President Obama's Quick Trip to SF Draws Fire

Fundraising trip not without controversy

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    NEWSLETTERS

    DCAB115
    The Nobel is nice, but it might not help President Obama advance his foreign policy agenda.

    He won't be staying long and won't be appearing in public but President Barack Obama's visit to San Francisco is not without controversy.

    Obama arrives Thursday afternoon and will head right over to the Westin St. Francis Hotel for a fundraiser for the Democratic National Convention where he's expected to pick up $2 million for the party. He will leave first thing Friday morning.

    No public appearances are scheduled, no visits to schoolchildren, no town hall meetings.

    The visit, designed to bring in cash for the party, is drawing controversy in one of the state's most liberal mainstays.

    Members of anti-war group Code Pink have been planning for Obama's visit and will use the time to express their feelings about the newest Nobel Peace Prize winner. They plan to deliver a sack full of petitions they've collected, asking the government to adopt an exit strategy from Afghanistan.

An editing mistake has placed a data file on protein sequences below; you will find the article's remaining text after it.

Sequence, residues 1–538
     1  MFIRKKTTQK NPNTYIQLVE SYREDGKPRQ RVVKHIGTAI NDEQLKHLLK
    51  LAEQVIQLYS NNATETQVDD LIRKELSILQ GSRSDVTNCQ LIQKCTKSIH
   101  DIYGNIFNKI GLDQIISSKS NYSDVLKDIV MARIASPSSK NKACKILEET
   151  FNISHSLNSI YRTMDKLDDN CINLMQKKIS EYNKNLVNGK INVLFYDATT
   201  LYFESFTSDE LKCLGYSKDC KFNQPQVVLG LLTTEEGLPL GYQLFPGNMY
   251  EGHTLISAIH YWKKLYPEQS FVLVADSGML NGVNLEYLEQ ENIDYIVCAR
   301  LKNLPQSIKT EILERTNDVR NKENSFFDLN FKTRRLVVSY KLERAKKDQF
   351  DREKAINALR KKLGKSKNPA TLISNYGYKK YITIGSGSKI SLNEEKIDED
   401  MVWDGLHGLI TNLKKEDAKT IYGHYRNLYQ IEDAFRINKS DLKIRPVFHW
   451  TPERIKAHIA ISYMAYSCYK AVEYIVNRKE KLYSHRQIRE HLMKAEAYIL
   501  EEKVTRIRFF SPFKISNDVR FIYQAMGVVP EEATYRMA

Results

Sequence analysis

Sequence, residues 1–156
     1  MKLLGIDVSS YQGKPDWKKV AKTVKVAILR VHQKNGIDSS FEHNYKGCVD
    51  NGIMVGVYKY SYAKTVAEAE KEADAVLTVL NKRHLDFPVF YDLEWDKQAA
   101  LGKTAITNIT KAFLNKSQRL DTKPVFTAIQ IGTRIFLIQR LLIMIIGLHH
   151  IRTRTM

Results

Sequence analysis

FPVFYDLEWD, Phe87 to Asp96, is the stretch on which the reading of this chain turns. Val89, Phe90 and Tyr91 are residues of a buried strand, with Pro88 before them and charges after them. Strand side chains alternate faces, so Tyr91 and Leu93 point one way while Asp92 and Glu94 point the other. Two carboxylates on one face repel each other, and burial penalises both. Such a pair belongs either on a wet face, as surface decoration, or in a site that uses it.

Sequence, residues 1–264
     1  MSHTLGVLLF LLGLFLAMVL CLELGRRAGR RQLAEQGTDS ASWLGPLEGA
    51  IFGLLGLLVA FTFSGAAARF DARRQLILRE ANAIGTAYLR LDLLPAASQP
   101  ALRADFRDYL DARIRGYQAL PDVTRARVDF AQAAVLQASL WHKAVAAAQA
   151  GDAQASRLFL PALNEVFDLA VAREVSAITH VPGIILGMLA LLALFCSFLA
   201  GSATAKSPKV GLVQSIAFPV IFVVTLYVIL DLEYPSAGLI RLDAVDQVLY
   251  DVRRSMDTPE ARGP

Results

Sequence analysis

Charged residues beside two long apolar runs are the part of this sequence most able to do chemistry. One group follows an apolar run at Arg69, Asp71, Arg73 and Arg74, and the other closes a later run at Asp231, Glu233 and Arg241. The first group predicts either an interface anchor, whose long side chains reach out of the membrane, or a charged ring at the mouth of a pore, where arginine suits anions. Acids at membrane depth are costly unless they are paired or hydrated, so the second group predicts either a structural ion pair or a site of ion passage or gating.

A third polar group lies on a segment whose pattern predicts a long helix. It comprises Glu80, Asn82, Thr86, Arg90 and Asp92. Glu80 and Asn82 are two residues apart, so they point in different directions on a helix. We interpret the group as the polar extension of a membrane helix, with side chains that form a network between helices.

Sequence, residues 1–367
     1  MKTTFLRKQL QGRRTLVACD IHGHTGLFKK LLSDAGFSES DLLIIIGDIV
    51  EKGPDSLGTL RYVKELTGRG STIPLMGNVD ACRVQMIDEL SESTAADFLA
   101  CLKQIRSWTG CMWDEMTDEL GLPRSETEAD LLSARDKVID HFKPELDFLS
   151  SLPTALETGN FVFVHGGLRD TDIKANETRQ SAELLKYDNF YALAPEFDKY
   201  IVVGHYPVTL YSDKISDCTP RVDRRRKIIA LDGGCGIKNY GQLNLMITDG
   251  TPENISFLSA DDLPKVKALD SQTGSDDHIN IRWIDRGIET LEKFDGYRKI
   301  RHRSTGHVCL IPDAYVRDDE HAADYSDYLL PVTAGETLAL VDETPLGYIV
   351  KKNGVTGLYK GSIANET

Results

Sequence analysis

"We're not anti-president," Code Pink local coordinator Rae Abileah said, "we just want to say 'do the will of the voters to end the war.' We will be reminding him of what we elected him to do, which is to ensure that health care is a right for all in this country and to end the wars in Iraq, Afghanistan, Pakistan and do something about the illegal occupation of Palestine."

    At least one member of the group has secured a ticket for the Obama event and will try to pass along one of the petitions to the president, the Chronicle's Matier and Ross found out.

    Even though he promised a group of gay rights supporters over the weekend that he will overturn the Clinton-era "dont ask don't tell" policy of gays in the military, he's not panning to mention it in the City.

    "Who's he hiding from," LGBT activist  Gloria Nieto wonders, "is it the active LGBT community?"

    Republican Vice Chair Tom del Beccaro says his party doesn't care if the Democrats are raising money. He says the president should instead concentrate on creating jobs.

    "It's great the president is coming." del Beccaro says, "more work needs to be done in Washington, not just pushing health care reform down our throats of the voters, listening to the times."

    So, even though the visit will be short, it's not going to be a sweet one in the eyes of some of his party's most liberal members.